As discoveries made in the sand pits of the Grenelle plain and in Paris' 13th arrondissement have revealed, the Paris site was visited as early as the Paleolithic era.

However, no trace of any culture prior to the Neolithic has been found in situ.

Thanks to excavations at the Louvre and Bercy, as well as a number of discoveries made during dredging operations in the Seine, the nature and size of the Neolithic habitations has been particularly well demonstrated.

We now know that populations of farmers and animal breeders settled in the alluvial plain starting in 4,500 BCE. They probably lived in small villages consisting of houses made of wood and clay that were regularly dismantled, moved and rebuilt as necessary.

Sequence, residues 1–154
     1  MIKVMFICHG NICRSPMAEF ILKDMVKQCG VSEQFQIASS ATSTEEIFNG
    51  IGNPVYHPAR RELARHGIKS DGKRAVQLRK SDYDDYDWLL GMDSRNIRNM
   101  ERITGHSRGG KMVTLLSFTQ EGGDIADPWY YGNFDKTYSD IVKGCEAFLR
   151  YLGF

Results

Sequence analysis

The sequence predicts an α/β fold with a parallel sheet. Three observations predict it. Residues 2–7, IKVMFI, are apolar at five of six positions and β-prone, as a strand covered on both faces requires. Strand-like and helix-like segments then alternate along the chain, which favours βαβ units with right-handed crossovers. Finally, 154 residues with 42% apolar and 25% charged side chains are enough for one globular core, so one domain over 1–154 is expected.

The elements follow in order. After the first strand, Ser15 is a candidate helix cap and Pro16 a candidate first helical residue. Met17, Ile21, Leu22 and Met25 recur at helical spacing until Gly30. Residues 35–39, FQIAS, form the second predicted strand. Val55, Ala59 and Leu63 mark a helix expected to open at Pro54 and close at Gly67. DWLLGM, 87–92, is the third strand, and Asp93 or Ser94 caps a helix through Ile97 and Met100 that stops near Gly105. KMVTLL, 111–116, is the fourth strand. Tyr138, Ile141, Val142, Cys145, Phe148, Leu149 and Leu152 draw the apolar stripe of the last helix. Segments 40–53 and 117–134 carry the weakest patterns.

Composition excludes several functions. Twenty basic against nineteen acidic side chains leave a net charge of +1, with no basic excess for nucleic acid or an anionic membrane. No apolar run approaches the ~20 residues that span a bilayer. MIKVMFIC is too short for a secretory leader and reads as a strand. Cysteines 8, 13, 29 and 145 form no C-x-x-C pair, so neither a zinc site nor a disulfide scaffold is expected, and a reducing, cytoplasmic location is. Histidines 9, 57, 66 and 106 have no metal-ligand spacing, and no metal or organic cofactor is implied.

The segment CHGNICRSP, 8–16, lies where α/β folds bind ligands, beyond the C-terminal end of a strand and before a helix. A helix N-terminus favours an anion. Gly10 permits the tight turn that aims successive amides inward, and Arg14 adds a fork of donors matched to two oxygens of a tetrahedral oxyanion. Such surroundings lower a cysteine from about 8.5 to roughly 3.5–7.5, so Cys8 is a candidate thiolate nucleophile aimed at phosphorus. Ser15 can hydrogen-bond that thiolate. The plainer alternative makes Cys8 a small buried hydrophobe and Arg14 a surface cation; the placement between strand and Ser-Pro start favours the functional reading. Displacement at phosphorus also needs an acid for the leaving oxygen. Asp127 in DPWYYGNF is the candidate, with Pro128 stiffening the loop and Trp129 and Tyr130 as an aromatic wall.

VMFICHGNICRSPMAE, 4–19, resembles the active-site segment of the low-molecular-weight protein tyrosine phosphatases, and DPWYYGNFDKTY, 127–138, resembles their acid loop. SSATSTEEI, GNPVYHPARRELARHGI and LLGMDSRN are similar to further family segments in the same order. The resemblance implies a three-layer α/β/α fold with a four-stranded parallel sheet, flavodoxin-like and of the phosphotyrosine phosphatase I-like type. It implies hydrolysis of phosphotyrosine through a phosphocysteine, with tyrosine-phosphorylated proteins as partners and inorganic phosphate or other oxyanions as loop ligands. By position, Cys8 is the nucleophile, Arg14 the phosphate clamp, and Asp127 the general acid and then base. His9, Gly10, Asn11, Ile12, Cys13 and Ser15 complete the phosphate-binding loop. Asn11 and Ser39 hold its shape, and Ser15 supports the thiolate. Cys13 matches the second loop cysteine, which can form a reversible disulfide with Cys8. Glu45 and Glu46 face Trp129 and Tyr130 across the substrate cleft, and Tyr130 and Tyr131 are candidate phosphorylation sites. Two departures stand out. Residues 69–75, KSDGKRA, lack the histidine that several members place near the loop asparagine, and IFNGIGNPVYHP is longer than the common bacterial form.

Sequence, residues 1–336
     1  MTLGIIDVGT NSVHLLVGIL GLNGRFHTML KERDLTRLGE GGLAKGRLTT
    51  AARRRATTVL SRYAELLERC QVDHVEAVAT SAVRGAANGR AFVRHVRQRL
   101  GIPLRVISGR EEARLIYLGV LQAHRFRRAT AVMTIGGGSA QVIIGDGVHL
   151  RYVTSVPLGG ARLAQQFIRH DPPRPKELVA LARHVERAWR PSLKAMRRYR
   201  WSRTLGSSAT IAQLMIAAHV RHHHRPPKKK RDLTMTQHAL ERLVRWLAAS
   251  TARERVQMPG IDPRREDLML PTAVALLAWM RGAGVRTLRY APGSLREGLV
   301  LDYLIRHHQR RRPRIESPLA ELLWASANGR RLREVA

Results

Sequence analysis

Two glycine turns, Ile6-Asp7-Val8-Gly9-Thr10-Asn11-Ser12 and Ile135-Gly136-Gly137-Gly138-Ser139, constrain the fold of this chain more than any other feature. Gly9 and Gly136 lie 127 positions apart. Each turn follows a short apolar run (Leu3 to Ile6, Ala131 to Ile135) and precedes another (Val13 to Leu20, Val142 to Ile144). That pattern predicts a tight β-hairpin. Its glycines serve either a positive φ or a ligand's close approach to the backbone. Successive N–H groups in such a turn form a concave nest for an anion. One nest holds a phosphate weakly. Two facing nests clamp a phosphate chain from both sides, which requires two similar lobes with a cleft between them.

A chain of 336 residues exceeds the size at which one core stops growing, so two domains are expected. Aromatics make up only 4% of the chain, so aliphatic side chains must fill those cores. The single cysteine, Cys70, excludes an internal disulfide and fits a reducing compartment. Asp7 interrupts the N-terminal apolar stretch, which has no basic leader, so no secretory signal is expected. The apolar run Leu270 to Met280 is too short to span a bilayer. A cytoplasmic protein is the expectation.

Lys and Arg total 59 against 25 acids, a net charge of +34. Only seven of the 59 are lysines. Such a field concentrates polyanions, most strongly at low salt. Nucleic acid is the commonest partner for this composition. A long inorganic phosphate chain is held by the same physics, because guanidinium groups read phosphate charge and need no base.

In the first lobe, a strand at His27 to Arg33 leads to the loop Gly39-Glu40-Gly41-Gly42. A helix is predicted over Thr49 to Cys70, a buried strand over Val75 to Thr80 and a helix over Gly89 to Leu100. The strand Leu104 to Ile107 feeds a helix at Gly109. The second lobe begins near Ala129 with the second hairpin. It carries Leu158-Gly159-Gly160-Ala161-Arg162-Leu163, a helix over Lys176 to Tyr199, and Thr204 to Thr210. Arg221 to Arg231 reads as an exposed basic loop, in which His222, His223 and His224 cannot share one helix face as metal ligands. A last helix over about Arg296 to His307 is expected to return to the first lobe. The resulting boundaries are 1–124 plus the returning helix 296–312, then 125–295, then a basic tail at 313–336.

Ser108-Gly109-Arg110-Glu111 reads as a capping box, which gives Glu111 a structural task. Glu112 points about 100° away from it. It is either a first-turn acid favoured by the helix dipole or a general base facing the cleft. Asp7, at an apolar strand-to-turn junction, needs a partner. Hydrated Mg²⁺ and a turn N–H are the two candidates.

Archaeological vestiges testify to a number of human habitations in Paris during the Bronze and Iron Ages,. The principal discoveries were made in the riverbed of the Seine or on its banks, showing the vital role played by the river.